Should we be using different bearings for our high-speed rotor blades which are used on the most common drone types like the Quadcopter designs? I believe so, as these drones need to be very reliable, long range, and will have important cargo onboard as part of their important missions whether on the battlefield, commercial application or delivering you a very important pizza or Amazon package.
Not long ago, I was listening to an interesting NASA podcast on rotorcraft air bearings and foil bearings:
NASA Aeronautics Research Technical Seminar Podcast Series:
“Technical Seminar 16: Oil-Free Turbomachinery Technology for Rotorcraft Propulsion and Advanced Aerospace Propulsion and Power 1:14:33 11/24/2008. Oil-Free Turbomachinery Technology for Rotorcraft Propulsion and Advanced Aerospace Propulsion and Power”
This got me thinking that not only is this relevant to today’s military aircraft, space flight propulsion, future jet engines, but also relevant for high-speed little motors that spin well over 10,000 RPM. If we want these motors to last and if there are multiple motors per flying craft; MAV – Micro Air Vehicle, UAS – Unmanned Aerial System, or PFC – Personal Flying Craft (Air Taxi) then it makes sense to use such technology.
You see, I was thinking that it would sure be nice to lighten-up the motors on such future VTOL (vertical take-off and landing) aircraft concept designs since there are often 3-4 motors or more. Some of the benefits are very apropos:
1.) Nearly Maintenance Free Bearing Assembly
2.) Reduced Weight
3.) More even friction heat
This is a very good thing due to the geometry and weight distribution that Quadcopters have. Lower weight means more payload, less fuel and/or longer range.
Perhaps the weight savings of lube oil, (2-types needed in normal current helicopter technology) on each of the four motors could also give weight space for electromagnetic bearings with a thrust bearing combination around the outer ring on the rotorblades to control vibration and free-wheel free of drag, and easy start. If the motors happen to be electric, even better in this case. If high speed gas turbines we save weight and add safety to a nearly maintenance free design.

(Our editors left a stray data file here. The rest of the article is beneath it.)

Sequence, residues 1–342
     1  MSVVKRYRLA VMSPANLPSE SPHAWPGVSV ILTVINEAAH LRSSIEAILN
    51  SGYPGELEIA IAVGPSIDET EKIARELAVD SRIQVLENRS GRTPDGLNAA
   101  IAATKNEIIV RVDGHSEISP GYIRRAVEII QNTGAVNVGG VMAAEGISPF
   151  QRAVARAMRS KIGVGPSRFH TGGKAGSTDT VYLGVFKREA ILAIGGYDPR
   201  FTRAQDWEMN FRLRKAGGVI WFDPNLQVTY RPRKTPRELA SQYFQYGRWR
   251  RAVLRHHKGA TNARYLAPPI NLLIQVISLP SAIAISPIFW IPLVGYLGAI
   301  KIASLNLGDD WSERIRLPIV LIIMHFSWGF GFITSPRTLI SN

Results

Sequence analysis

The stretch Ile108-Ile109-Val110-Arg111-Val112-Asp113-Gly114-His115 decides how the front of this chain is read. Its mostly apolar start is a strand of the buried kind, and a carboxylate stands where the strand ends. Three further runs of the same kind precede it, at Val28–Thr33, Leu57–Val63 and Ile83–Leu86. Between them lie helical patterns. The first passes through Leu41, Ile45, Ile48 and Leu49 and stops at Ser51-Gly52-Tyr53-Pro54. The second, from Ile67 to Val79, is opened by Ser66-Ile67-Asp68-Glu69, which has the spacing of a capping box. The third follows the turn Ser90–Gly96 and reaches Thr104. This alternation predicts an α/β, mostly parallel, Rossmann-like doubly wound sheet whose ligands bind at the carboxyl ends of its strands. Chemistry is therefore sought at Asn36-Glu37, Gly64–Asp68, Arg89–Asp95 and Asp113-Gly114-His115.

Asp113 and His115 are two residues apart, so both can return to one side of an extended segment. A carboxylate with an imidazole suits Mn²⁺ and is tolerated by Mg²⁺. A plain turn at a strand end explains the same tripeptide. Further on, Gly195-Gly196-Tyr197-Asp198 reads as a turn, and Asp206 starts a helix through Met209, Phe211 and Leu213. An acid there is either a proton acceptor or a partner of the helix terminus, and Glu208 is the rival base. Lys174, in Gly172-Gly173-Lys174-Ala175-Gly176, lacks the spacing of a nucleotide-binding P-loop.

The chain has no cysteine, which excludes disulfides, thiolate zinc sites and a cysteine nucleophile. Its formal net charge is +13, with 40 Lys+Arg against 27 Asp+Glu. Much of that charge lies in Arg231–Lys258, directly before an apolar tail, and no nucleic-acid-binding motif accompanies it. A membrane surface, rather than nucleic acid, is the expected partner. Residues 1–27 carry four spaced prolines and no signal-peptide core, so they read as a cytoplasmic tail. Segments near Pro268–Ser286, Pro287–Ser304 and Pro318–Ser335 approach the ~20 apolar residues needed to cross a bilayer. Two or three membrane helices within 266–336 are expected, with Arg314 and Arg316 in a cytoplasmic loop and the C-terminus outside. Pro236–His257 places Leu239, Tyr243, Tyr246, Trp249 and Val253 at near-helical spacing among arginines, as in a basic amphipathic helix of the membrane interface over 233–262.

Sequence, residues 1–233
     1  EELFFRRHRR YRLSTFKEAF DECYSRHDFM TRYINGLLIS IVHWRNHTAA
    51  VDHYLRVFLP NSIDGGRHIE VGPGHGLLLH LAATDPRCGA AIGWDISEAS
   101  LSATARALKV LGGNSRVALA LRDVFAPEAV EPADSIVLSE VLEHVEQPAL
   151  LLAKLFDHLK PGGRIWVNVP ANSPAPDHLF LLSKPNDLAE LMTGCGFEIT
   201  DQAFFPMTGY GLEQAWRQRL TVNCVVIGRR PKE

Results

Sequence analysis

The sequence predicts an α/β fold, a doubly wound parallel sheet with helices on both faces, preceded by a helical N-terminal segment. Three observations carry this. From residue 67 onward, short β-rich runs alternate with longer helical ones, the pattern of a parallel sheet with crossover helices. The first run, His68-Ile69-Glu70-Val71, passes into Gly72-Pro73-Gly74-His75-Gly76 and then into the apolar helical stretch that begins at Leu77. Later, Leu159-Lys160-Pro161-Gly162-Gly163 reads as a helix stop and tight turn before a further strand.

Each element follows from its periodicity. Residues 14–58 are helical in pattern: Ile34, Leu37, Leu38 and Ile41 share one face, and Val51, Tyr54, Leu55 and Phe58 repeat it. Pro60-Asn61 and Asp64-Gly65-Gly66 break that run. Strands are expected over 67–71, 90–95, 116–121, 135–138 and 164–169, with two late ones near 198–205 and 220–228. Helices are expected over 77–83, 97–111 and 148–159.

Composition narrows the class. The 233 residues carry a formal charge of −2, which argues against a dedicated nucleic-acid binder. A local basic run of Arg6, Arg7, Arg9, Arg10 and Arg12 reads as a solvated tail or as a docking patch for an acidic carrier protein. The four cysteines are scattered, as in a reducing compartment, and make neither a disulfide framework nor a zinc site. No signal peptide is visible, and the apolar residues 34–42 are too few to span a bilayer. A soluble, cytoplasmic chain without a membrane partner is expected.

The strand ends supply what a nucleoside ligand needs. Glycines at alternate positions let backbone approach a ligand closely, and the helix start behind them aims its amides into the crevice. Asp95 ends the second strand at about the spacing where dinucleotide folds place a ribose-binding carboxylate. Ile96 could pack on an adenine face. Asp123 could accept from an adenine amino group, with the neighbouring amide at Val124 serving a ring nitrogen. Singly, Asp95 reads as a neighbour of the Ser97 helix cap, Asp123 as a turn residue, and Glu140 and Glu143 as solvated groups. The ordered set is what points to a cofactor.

Some of the NASA tests have concluded 60,000 hours with no damage or need to replace parts or bearings. For a rotorcraft this is nearly unheard of due to the harsh environment they fly and the fact that the motors are under so significant load all the time the aircraft is airborne.
Now then, for the outer assembly – more safety is garnered by outer bearings, but reduced friction is the key, thus, electromagnetic system makes sense, but due to weight perhaps not 100% magnetic. This article explains the concept of Thrust Bearings and the combinations I propose we employ.
“Design, Fabrication, and Performance of Foil Gas Thrust Bearings for Microturbomachinery Applications,” by Brian Dykas, Robert Bruckner, Christopher DellaCorte, Brian Edmonds, and Joseph Prahl. (NASA/TM-2008-215062, January 2008; GT2008-50377).
Currently, we know that the quadcopter design is probably one of the most stable designs yet, but most quadcopters are only toys, small drones, and have a limited payload. If we want these types of designs to fly around people, heavy weight, or become our future flying cars and air taxis, commuter shuttles, we’ll need near 100% safety, that means current rotorcraft components may not be viable. Please think about the future, maybe you can have a flying car after all?
*Additional Cites to Consider When Evaluating This Concept:
A.) “Preliminary Analysis for an Optimized Oil-Free Rotorcraft Engine Concept,” by Samuel A. Howard, Robert J. Bruckner, Christopher, Kevin C. Radil. (NASA/TM-2008-215064 March 2008; ARL-TR-4398).
B.) “Tribology: Principles and Design Applications,” by R. D. Arnell, P. B. Davies, J. Halling, T. L. Whomes.
C.) “Measurements of Drag Torque, Lift-Off Journal Speed and Temperature in a Metal Mesh Foil Bearing,” by Luis San Andres, T. A. Chirathadam, Keun Ryu, and Tae Ho Kim (J. Eng. Gas Turbines Power 132(11), 112503 (Aug 11, 2010) (7 pages)doi:10.1115/1.4000863).
D.) “Thermohydrodynamic Model Predictions and Performance Measurements of Bump-Type Foil Bearing for Oil-Free Turboshaft Engines in Rotorcraft Propulsion Systems,” by Tae Ho Kim and Luis San Andres. (J. Tribol 132(1), 011701 (Nov 11, 2009) (11 pages)doi:10.1115/1.4000279).
E.) “Foil Bearing Starting Considerations and Requirements for Rotorcraft Engine Applications,” by K. C. Radil (Army Research Lab) and C. Della Corte (NASA). August 2009, Doc # 201200112857, (ARL-TR-4873, E-18263).